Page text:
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PLoS One. 2017 Oct 17;12(10):e0186213. doi: 10.1371/journal.pone.0186213. eCollection 2017.

Rapid reversal of innate immune dysregulation in blood of patients and livers of humanized mice with HCV following DAA therapy.

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Division of Gastroenterology and Hepatology, Hepatitis C Center, Department of Medicine, University of Colorado Denver (UCD), Aurora, Colorado, United States of America.
Center for Innate Immunity and Immune Disease, University of Washington, Seattle, Washington, United States of America.
Department of Immunology, University of Washington, Seattle, Washington, United States of America.
Bristol-Myers Squibb, Exploratory Clinical and Translational Research, Lawrenceville, New Jersey, United States of America.
Bioinfo Solutions LLC, Parker, Colorado, United States of America.



First, in patients receiving two different combinations of DAAs, we found that DAAs induced not only rapid viral clearance, but also a re-setting of antiviral immune responses in the peripheral blood. Specifically, we see a rapid decline in the expression of genes associated with chronic IFN stimulation (IFIT3, USP18, IFIT1) as well as a rapid decline in genes associated with inflammation (IL1β, CXCL10, CXCL11) in the peripheral blood that precedes the complete removal of virus from the blood. Interestingly, this rapid reversal of innate immune activation was not seen in patients who successfully clear chronic HCV infection using IFN-based therapy. Next, using a novel humanized mouse model (Fah-/-RAG2-/-IL2rgnull-FRG), we assessed the changes that occur in the hepatic tissue following DAA treatment. DAA-mediated rapid HCV clearance resulted in blunting of the expression of proinflammatory responses while functionally restoring the RIG-I/MAVS axis in the liver of humanized mice.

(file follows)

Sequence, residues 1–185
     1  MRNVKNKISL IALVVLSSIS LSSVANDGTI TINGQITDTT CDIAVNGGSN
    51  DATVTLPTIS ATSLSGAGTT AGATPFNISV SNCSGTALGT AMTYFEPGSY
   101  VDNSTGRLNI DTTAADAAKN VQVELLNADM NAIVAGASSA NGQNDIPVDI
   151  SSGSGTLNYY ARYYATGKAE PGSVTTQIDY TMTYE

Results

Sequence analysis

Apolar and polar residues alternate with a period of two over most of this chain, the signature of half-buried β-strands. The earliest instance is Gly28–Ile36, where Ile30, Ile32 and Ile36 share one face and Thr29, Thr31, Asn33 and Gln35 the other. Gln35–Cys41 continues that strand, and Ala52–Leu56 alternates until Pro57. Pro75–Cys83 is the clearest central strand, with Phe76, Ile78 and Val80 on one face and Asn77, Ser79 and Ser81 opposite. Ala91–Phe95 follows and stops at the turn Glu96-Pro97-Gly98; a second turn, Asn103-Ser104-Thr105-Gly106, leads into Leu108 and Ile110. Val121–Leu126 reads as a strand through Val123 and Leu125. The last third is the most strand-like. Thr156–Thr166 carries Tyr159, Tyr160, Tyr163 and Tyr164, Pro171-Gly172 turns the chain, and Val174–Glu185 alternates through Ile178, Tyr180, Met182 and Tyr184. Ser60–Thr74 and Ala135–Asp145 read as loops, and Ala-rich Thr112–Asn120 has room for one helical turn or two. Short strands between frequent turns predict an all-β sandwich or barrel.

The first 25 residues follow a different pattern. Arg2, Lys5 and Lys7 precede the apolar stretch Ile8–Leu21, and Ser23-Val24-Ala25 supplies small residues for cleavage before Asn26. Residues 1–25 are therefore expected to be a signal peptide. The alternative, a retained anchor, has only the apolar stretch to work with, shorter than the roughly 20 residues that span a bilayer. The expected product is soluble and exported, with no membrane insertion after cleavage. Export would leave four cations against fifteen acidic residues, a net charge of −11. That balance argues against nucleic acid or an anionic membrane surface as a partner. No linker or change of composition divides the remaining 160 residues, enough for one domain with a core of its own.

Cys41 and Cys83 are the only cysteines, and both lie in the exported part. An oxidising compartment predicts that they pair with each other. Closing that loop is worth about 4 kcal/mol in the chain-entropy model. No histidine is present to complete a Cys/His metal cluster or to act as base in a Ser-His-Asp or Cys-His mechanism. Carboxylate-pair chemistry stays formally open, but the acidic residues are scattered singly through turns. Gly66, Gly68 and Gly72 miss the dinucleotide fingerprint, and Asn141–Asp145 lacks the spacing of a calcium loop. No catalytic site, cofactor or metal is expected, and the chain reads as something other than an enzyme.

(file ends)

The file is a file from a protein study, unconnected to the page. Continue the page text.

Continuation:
Collectively, our data demonstrate that the rapid viral clearance following treatment with DAAs results in the rebalancing of innate antiviral response in both the peripheral blood and the liver as well as enhanced antiviral signaling within previously infected hepatocytes.

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